NSF Assistant Director Freeman Gets Close-up View of ResCUE Program

January 24, 2005 -- Dr. Peter Freeman, assistant director of Computer and Information Science and Engineering (CISE) at the National Science Foundation, gained new insight into Calit2’s ResCUE project last week. Freeman spent Friday, Jan. 21, visiting with ResCUE investigators, viewing posters and demos, and discussing project details with investigators and graduate student researchers.

Vidhya Balasubramanian explains her research project to Dr. Freeman.

ResCUE – Responding to Crises and Unexpected Events – is a joint UCI/UCSD project funded by a $12.5 million NSF grant. Subcontractors include faculty from Brigham Young University and the Universities of Maryland, Colorado, and Illinois/Urbana-Champaign, and ImageCat Inc., a Long Beach, Calif., firm that specializes in risk assessment and management. Under the direction of principal investigators Sharad Mehrotra (UCI) and Ramesh Rao (UCSD), ResCUE’s goal is to use emerging technology to assist crisis responders in the collection, analysis, sharing and dissemination of information. By streamlining these processes, responding organizations can reduce the resulting number of deaths and injuries, contain or prevent secondary disasters, and reduce resulting economic losses and social disruptions. “Getting the right information to the right person at the right time can result in dramatically better response,” says Mehrotra.

The project must take into account many challenges, including diversity of data, privacy concerns, lack of centralized control and inherent panic. Researchers from social science, engineering, data analysis and management, and networking and distributed systems are working together under the auspices of Calit2 to address these issues.

Freeman and ResCUE student researchers view the
tsunami disaster situational
awareness demonstration.

First stop for Freeman was a meeting with lead investigators, including Mehrotra, professor of computer science systems, and Rao, Calit2 UCSD division director and professor of electrical and computer engineering. Co-investigators Nalini Venkatasubramanian, UCI associate professor of computer science systems, and Carter Butts, UCI assistant professor of sociology, also participated. After taking part in a comprehensive project overview and asking questions of investigators, Freeman viewed several project demonstrations and related posters.

Graduate student researcher Mahesh Datt demonstrated a video surveillance data-collection system that can be used in pervasive environments, otherwise known as smart spaces. These spaces have various sensors embedded in them, including radio-frequency identification (RFID) systems, motion detectors, acoustic sensors and video cameras; these systems can collect data while protecting the privacy of authorized persons by obscuring their identities. Each individual’s access control is based on the RFID tags they carry; the identities of authorized individuals are masked in the video by the system.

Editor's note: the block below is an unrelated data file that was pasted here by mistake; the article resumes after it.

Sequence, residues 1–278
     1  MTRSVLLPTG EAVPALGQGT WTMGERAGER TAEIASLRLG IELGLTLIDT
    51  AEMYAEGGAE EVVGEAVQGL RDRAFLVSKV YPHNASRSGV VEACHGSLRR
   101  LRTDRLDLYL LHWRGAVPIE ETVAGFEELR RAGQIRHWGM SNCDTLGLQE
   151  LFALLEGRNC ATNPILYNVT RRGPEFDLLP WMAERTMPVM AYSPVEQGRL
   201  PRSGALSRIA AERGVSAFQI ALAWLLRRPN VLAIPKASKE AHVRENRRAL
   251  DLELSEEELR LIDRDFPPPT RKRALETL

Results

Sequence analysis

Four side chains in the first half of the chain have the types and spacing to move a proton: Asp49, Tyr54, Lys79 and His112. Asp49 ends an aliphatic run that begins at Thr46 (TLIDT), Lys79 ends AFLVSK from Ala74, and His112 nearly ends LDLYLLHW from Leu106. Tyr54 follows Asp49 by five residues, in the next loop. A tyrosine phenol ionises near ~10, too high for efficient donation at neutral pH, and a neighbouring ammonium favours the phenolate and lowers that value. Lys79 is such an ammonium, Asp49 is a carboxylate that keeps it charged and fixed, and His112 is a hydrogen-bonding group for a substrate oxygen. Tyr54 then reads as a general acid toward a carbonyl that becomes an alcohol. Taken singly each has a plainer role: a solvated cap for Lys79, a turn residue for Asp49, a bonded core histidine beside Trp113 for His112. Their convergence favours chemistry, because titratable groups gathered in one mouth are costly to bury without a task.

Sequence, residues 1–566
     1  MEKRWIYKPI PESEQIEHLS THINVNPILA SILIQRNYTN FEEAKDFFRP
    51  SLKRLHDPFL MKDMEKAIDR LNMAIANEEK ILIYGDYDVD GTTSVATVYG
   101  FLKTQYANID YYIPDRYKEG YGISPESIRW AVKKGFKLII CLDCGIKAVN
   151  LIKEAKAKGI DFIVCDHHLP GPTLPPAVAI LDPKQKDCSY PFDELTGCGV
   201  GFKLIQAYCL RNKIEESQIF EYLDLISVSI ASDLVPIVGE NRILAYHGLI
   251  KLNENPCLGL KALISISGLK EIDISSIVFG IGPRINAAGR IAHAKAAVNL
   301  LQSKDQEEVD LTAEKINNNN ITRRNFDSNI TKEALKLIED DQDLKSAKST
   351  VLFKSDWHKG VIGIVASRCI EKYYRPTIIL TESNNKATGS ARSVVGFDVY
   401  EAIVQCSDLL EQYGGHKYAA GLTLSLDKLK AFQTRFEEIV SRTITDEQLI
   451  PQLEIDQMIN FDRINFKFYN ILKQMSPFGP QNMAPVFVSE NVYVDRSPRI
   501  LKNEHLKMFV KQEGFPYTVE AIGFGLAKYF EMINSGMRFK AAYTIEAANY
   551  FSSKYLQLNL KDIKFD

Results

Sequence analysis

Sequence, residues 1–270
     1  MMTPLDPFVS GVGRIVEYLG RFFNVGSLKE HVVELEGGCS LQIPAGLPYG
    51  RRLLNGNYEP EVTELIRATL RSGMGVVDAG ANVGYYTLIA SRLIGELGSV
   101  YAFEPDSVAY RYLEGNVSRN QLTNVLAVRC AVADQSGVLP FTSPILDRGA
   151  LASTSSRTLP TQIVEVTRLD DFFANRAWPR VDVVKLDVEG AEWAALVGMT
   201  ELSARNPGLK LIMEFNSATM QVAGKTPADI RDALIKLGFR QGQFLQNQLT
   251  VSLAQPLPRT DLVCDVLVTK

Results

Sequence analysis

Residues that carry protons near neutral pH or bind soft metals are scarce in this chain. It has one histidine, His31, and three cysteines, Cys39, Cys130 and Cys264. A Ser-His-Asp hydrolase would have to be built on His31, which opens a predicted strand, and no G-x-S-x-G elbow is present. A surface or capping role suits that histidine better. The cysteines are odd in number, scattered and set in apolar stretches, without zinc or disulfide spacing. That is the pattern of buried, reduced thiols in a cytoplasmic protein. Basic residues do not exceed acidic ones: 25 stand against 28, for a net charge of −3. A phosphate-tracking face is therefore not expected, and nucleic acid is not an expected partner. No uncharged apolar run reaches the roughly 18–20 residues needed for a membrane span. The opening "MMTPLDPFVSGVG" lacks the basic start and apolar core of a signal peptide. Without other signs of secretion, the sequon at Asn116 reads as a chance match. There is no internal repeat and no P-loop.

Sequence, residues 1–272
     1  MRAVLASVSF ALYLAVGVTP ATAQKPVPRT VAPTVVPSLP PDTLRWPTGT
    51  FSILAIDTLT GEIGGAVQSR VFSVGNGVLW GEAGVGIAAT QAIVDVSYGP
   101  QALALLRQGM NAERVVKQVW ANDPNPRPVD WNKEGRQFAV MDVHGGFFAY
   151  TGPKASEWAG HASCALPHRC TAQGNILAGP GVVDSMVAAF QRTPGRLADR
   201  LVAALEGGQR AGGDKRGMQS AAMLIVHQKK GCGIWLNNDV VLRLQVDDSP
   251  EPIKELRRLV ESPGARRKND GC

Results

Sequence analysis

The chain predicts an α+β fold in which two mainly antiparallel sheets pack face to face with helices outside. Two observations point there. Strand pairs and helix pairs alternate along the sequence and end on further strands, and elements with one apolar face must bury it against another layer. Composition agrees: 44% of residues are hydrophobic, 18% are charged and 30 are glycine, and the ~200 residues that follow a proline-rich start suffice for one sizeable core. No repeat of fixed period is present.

Freeman then viewed a demonstration presented by researcher Yiming Ma of a system that potentially can be used in large-scale disasters like the recent Indian Ocean tsunami. The system displayed media responses to the disaster, including coverage of secondary events generated by the tsunami. By tracking key words used in media reports, analysts can follow the progress of damage assessment, rescue efforts and the influx of aid.

Chris Davison, UCI Project ResCUE staff member (left),
views a poster with Peter Freeman and Sharad Mehrotra.

The next demo, presented by doctoral candidate Vidhya Balasubramanian, displayed methods for adapting information for cognitive-, perceptual- and motor-disabled users. Modifying emergency information for citizens with hearing impairments, for example, increases its effectiveness during a crisis situation such as an evacuation. This technology also can be used in an educational setting, to assist disabled students.

The last demonstration, presented by UCSD researcher Ganz Chockalingam, showed a large-scale multi-modal emergency notification system, whereby crisis responders, aided by cell phones equipped with cameras and GPS, can deliver real-time emergency information to a mobile command and control center. The control center agents can browse events in both voice and text formats and also instantly dispatch commands to a group of agents simultaneously. By enlisting the aid of responders outside of an emergency area, the technology enables responders within the affected area to make better use their own time and expertise.

Freeman appeared pleased by the work in progress. He asked several questions of each of the presenters and praised each of their demonstrations. Freeman, who has been assistant director for NSF’s Computer and Information Science and Engineering directorate (CISE) since 2002, was previously professor and founding dean of the College of Computing at Georgia Institute of Technology. Prior to that, he served on the faculty at UCI’s Department of Information and Computer Science for 20 years. He has authored and/or edited numerous books and technical articles, and has served on several editorial boards and as an active consultant to industry, academia and government.